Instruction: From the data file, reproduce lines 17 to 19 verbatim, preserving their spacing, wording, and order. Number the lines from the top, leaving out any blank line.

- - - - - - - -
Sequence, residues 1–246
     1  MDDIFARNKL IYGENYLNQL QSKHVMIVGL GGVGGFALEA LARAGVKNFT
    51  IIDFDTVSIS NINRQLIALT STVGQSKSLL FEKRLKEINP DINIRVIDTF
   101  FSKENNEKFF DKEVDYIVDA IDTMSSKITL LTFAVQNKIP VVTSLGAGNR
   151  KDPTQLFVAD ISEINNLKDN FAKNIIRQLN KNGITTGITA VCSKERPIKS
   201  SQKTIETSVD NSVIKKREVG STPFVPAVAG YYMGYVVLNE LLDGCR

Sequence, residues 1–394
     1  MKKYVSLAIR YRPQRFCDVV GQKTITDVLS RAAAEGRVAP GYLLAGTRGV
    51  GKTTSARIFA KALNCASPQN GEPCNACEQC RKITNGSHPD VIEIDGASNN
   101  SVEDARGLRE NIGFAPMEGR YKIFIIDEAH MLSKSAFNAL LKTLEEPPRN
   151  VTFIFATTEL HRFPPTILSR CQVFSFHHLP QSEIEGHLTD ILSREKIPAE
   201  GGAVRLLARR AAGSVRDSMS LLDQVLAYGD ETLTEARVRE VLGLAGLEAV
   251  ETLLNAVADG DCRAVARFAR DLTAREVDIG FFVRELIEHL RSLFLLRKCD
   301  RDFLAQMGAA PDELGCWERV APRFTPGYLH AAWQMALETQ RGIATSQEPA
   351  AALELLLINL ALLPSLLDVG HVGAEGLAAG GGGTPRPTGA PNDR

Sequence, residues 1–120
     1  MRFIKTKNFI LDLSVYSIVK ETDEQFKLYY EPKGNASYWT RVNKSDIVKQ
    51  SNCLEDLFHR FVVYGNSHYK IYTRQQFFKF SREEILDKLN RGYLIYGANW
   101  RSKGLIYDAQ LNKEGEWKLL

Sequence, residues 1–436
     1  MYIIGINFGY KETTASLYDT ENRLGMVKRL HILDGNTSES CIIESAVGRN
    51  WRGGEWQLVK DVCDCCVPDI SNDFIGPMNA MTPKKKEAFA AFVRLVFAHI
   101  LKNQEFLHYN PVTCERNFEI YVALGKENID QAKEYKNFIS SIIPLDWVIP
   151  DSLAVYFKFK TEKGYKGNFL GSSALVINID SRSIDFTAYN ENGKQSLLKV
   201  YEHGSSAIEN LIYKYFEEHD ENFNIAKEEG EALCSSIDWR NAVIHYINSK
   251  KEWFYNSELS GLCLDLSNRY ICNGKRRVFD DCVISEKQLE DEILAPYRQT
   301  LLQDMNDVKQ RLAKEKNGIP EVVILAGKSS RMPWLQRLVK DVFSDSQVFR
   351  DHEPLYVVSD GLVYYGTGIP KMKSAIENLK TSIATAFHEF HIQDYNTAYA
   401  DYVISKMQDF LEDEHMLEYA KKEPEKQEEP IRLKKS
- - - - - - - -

     1  MRFIKTKNFI LDLSVYSIVK ETDEQFKLYY EPKGNASYWT RVNKSDIVKQ
    51  SNCLEDLFHR FVVYGNSHYK IYTRQQFFKF SREEILDKLN RGYLIYGANW
   101  RSKGLIYDAQ LNKEGEWKLL